Poverty and Inequality in U.S. CitiesWilliam Goldsmith and Edward Blakely
"Economic and political forces no longer combat poverty—they generate poverty!" exclaim William Goldsmith and Edward Blakely in their report on the plight of America's urban poor. In this revised and updated edition of their 1992 book Separate Societies, the authors present a compelling examination of the damaging divisions that isolate poor city minority residents from the middle-class suburban majority. They pay special attention to how the needs of the permanently poor have been unmet through the alternating years of promises and neglect, and propose a progressive turn away from 30 years of conservative policies. Separate Societies vividly documents how the urban working class has been pushed out of industrial jobs through global economic restructuring, and how the Wall Street meltdown has aggravated underemployment, depleted public services, and sharpened racial and class inequalities. The authors insist that the current U.S. approach puts Americans out of work and lowers the standard of living for all. As such, Goldsmith and Blakely urge the Obama administration to create better urban policy and foster better metropolitan management to effectively and efficiently promote equality.
"(A) coherent account that draws on an extensive array of sources to describe the divisions that isolate poorer residents from the majority of the population....After a thoughtful overview, they amass their evidence to shed light on ‘separate assets’ (income distribution, and differences by race and gender), ‘separate opportunities’ (participation in the labour market, international comparisons) and ‘separate places’ (the changing social and economic contours of city regions). For many readers...the chapter on the changing shape of the American metropolis will be of most interest.... (A) generally incisive and well-argued book." —Housing Studies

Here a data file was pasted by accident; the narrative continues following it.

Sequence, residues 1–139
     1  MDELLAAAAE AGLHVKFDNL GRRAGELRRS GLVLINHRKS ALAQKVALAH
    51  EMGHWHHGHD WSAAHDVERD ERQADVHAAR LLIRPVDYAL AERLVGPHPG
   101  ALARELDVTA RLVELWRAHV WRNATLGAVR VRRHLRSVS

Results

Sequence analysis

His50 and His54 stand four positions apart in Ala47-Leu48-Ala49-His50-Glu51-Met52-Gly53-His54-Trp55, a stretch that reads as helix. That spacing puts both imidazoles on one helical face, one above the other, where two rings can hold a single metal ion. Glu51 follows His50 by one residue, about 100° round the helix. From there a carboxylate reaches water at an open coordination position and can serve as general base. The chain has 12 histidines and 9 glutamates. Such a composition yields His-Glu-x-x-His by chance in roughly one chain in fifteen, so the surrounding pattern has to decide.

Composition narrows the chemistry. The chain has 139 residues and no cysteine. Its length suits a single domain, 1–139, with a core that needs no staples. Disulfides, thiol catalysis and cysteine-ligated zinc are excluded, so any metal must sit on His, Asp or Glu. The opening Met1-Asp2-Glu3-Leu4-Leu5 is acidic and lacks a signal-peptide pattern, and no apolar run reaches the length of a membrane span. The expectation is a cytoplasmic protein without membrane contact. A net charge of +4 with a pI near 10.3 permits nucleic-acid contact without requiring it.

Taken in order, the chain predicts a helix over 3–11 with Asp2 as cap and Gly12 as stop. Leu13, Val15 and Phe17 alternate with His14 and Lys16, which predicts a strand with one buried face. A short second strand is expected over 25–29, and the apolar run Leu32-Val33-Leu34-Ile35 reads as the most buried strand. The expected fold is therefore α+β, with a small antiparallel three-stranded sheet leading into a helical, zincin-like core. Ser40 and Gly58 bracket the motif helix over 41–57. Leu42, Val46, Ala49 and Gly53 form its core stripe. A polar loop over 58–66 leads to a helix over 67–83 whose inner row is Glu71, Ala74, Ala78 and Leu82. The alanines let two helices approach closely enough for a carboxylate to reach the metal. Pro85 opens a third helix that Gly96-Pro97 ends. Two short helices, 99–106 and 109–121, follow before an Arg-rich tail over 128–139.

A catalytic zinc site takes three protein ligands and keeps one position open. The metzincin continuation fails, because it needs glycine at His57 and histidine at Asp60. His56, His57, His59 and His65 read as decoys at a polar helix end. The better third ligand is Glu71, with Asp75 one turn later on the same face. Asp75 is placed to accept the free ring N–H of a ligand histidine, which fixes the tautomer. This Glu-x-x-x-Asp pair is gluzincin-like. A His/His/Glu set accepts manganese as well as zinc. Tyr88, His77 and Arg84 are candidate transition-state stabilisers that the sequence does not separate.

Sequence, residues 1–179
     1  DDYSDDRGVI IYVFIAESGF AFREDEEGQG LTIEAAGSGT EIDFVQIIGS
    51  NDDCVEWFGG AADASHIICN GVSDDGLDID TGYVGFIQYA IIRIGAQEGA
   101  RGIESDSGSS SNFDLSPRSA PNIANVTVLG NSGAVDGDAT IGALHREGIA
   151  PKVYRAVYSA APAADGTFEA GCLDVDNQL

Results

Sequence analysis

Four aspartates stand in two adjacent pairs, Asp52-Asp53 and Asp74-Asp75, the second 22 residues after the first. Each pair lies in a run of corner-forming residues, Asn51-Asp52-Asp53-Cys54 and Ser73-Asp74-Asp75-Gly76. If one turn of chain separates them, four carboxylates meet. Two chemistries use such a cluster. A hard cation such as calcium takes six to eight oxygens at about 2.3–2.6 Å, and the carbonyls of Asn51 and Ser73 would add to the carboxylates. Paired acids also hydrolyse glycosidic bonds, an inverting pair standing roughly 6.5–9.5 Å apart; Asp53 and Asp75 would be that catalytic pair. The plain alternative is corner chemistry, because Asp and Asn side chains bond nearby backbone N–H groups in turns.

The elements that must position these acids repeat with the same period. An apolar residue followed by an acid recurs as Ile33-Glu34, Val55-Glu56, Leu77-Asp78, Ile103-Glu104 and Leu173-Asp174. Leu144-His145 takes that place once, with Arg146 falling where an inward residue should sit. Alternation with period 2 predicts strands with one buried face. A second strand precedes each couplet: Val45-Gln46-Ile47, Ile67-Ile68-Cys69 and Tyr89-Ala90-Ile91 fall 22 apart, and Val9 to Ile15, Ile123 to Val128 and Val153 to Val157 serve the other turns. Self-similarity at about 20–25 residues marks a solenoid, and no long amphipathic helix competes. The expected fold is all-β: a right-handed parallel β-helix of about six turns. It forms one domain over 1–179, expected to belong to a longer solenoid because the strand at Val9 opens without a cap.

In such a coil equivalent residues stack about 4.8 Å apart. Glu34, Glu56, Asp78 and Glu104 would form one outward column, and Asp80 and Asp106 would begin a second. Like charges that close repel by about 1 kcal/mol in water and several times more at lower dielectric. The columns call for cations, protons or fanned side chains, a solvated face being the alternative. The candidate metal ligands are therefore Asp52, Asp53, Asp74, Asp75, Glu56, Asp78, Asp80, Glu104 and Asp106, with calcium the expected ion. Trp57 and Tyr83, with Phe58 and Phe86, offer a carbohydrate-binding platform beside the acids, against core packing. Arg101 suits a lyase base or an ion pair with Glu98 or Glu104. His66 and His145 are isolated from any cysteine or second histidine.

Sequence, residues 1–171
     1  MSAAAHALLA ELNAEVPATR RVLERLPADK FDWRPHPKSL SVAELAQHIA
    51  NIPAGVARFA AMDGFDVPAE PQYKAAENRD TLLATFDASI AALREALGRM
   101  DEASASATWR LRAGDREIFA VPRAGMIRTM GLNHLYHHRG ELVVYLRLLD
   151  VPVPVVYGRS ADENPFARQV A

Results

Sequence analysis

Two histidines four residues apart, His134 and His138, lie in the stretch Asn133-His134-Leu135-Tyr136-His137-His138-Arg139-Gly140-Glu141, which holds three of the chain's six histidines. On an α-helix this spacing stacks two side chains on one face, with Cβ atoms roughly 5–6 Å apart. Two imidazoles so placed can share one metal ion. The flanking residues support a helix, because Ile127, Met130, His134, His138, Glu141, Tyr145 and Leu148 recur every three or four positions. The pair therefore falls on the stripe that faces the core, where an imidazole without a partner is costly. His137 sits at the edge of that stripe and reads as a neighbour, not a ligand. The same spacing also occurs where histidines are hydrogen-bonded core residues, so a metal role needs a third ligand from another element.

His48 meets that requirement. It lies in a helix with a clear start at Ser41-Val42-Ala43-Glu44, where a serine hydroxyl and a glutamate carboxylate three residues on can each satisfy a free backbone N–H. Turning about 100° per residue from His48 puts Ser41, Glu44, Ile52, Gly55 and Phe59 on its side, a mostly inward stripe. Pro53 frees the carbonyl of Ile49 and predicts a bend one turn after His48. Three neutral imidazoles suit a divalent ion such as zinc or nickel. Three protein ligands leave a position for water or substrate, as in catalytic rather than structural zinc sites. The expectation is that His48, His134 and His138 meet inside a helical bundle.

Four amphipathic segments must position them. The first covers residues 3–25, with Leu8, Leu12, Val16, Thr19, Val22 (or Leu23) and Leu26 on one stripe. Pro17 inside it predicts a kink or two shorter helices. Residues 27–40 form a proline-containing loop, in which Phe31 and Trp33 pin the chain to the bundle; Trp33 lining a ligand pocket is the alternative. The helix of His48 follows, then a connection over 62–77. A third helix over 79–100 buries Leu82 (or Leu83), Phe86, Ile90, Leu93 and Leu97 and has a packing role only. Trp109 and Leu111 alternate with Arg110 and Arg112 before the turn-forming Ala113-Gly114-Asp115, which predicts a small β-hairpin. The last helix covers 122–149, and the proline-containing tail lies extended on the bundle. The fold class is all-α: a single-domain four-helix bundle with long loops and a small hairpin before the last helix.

"When the authors concluded the first edition with an optimistic appraisal of policy options that could alleviate poverty and inequality, they could not have known that the nation was on the cusp of a political and economic transformation that would greatly exacerbate existing inequalities. Therefore, this second edition is all the more welcome." — Contemporary Sociology
"With this second edition of Separate Societies , Goldsmith and Blakely update their arguments from twenty years ago with new data and analyses of contemporary trends of increasing inequalities.... Separate Societies remains a classic text, offering a solid overview of social and economic theories on the roots of poverty and inequality, and providing timely and comprehensive data. Goldsmith and Blakely do this admirably.... As such, it remains an important tome on social, economic, and political stratification in the United States for both those new to the material and those relatively familiar with it.... (T)he authors provide much food for thought to inspire yet another generation of policymakers, planners, and scholars in their pursuit of ending poverty in the United States." —Journal of Planning Education and Research
"(T)his is a strong book. It offers good overviews and critical assessments of theories and past policies.... But there is more: its greatest strength lies in the persuasive evidence it presents in its state of the art on urban and inner-suburban poverty...and in its exposition of the consequences of the changing economy, the failure of past policies, racism and discrimination. In the end, the overall grim picture collides with the optimistic one that policies can change." —Journal of Housing and the Built Environment